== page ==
In opposing Tradition to Holy Scripture as two sources of Revelation, the polemicists of the Counter-Reformation put themselves from the start on the same ground as their Protestant adversaries, having tacitly recognised in Tradition a reality other than that of Scripture. Instead of being the u`póqesiv itself of the sacred books, their fundamental coherence due to the living breath passing through them, transforming their letter into “a unique body of truth”, Tradition would appear as something added, as an external principle in relation to Scripture. Henceforth, the patristic texts which attributed a character of “pleroma” to the Holy Scripture became incomprehensible, whilst the Protestant doctrine of the “sufficiency of Scripture” received a negative meaning, by the exclusion of all that is “Tradition”. The defenders of Tradition saw themselves obliged to prove the necessity of union between two juxtaposed realities, each of which remained insufficient alone. Hence a series of false problems like that of the primacy of Scripture or of Tradition, of their respective authority, of the total or partial difference of their content, etc. … How is the necessity of knowing the Scripture in the Tradition to be proved, how is their unity which was ignored in separating them to be found again? If the two are “fullness”, there could be no question of two “pleromas” opposed to one another, but of two modalities of one and the same fullness of the Revelation communicated to the Church.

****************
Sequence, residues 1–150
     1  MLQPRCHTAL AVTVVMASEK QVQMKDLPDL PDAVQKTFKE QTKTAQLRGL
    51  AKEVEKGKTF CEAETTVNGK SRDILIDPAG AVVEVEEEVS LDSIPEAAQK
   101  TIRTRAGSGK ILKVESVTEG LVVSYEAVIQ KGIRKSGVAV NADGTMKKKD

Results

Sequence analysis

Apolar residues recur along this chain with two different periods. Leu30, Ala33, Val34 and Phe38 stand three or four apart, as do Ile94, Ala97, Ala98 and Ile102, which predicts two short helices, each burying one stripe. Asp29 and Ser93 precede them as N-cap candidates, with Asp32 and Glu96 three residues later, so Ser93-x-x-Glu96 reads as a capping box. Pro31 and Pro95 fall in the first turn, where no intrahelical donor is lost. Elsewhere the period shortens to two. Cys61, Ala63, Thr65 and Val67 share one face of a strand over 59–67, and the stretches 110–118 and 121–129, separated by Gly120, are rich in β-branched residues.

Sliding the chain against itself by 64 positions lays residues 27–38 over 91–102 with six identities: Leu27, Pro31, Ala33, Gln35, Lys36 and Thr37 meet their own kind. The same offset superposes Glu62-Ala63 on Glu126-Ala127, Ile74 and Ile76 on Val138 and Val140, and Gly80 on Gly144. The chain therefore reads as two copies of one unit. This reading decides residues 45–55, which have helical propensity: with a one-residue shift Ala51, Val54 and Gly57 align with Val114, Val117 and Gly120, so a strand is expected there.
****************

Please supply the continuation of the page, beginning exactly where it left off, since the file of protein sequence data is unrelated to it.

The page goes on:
Vladimir Lossky, “Tradition and Traditions” in V. Lossky and L. Ouspensky, The Meaning of Icons (St Vladimir’s Seminary Press, 1982). 11.                                                                                            

Father Louth’s discussion of this essay by Vladimir Lossky resulted in me looking it up again. I don’t have time to comment much on it, but may post a quote or two. It’s worth noting, though, that the possibility of recognising Scripture and Tradition as two rival sources of authority was already present in late medieval theology, as was the suggestion of an “invisible” Church. It is becoming increasingly apparent to me that many of the false alternatives that the Western Church faces today have their roots in deep-seated shifts in this period, although I still need to get a much better understanding of many of the dynamics involved!